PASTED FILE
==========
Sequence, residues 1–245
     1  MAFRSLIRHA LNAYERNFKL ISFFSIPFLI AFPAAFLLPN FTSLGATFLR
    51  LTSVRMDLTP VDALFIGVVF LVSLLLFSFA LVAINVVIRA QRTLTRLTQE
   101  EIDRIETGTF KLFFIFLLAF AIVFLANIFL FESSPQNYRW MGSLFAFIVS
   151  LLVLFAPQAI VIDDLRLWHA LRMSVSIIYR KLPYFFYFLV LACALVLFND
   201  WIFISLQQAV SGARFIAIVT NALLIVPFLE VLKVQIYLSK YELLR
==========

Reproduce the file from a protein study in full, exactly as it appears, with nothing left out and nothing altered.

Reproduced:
Sequence, residues 1–245
     1  MAFRSLIRHA LNAYERNFKL ISFFSIPFLI AFPAAFLLPN FTSLGATFLR
    51  LTSVRMDLTP VDALFIGVVF LVSLLLFSFA LVAINVVIRA QRTLTRLTQE
   101  EIDRIETGTF KLFFIFLLAF AIVFLANIFL FESSPQNYRW MGSLFAFIVS
   151  LLVLFAPQAI VIDDLRLWHA LRMSVSIIYR KLPYFFYFLV LACALVLFND
   201  WIFISLQQAV SGARFIAIVT NALLIVPFLE VLKVQIYLSK YELLR